Report says U.S. to cede control of skies over Okinawa to Japanese by 2007
Stars and Stripes December 8, 2004
KADENA AIR BASE, Okinawa — The United States and Japan are close to an agreement that will revert control of Okinawa’s airspace to Japanese air traffic controllers.
Although the Japanese media is reporting that the date for complete turnover is 2007, both Japanese and American officials are keeping mum on specifics.
The Kadena long-range radar control system (RAPCON) controls the airspace within an 80-mile radius of Okinawa. All commercial, civilian and military aircraft rely on the Air Force’s radar when approaching the island. The controllers handle aircraft taking off and landing at Kadena, Futenma Marine Corps Air Station, Naha International Airport and two other small civilian airports on islands off Okinawa.
The bulk of Kadena’s RAPCON responsibility is tracking more than 300 civilian aircraft that take off and land daily at Naha. Once Japan builds its own RAPCON facility and trains its personnel, the turnover should be seamless, a Japanese official said.
They will take over long-range radar control, ceding responsibility for final approach to the local air traffic controllers.
Japan’s Civil Aviation Subcommittee and the U.S. military have been working on the turnover, said Masanori Suzuki, assistant chief of the Air Control Office of the Civil Aviation Bureau of the Ministry of Land, Infrastructure and Transport in Tokyo.
“However, an agreement is yet to be reached as to when the transfer is to take place,” he said.
“The transfer was agreed between then Minister of Foreign Affairs and Secretary of Defense William Cohen in March 2000,” he said.
“In that agreement, there was a condition to satisfy operational requirements of the military,” he said. “We are currently working closely with the military on how to satisfy those requirements.”
The Naha International Airport is the fifth-busiest airport in Japan, according to a spokesman for the transport ministry’s office in Naha.
“We have an average daily load of 260 arrival and departure flights of commercial aviation scheduled for December,” he said.
In 2003, a total of about 115,670 airplanes, military and commercial, used the airport. Only airports at Haneda, Narita, Fukuoka and Nagoya are busier.
A U.S. Forces Japan spokesman acknowledged that the issue is being discussed and probably will come up before the U.S.-Japan Joint Committee on Friday. However, he would not go into specifics.
“My understanding is that this subject goes back to a May 1972 Joint Committee Okinawa ATC (air traffic control) agreement by Japan and the United States supporting a single approach control facility to serve the airfields for Naha Airport and Kadena Air Base,” said Marine Maj. James Bell, deputy director of USFJ Public Affairs.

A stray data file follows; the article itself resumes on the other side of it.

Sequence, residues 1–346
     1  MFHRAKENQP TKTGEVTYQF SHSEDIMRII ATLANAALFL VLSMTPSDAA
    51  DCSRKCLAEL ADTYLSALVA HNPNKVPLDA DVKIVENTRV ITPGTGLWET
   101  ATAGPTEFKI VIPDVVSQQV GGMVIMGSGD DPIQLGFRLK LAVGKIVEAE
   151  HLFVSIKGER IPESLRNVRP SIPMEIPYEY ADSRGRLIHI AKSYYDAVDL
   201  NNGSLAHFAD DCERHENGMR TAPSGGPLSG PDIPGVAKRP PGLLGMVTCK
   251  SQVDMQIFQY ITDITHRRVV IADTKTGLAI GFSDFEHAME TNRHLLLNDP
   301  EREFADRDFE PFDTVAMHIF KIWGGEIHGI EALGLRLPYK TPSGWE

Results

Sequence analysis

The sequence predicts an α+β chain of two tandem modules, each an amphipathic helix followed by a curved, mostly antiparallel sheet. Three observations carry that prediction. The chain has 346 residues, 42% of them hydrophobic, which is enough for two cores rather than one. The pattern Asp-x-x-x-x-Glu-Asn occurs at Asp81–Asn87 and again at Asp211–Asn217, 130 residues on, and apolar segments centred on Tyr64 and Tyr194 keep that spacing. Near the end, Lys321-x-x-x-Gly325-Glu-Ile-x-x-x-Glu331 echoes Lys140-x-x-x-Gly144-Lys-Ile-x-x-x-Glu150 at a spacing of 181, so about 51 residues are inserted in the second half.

“I’m told this subject, typically called Kadena RAPCON reversion, has been making tremendous progress in recent months, so we’re hopeful that Friday’s Joint Committee meeting may yield an opportunity for us to take a step forward concerning Kadena RAPCON reversion.”
In November 1999, Japan pressed for control after a contractor accidentally sliced a radar cable on Kadena. In the 26 hours it took to make repairs, about 200 flights were delayed by 30 minutes or longer.
RAPCON enables the controllers to shorten the distance between planes making landing approaches to Naha International Airport. They are usually kept about four to six miles apart.
Without radar, the gap between planes is lengthened to about 81 miles, or intervals of 10 minutes or more, according to the Japan Transportation Ministry.
Since World War II, the U.S. military has controlled air traffic over Okinawa. When the prefecture was returned to Japan in 1972, U.S. and Japanese officials agreed to continue to let the United States control the air traffic for what was then termed a “provisional period,” according to Okinawa officials.
Okinawa officials are wary about the report that a RAPCON agreement is near.
Tadanobu Higa, director of the prefecture’s Military Affairs Office, said Japan should have been given control of Okinawa’s airspace 32 years ago.
“But, to this day, the return has not taken place,” he said. “We hope the agreement reached this time, which specifies the time of the return, is a step forward.
“However, our wish is the government also make an arrangement with the military so that the military operations would not take priority over commercial air traffic.”
And the agreement should not stop with air traffic, he added.
“A large portion of our sea is controlled by the military as training areas and on the land vast military bases occupy the island,” he said. “This is where the fundamental frustration of the people of Okinawa lies.
“We ask both Japanese and U.S. governments to make efforts to solve these problems one by one,” he said.
Chiyomi Sumida contributed to this report.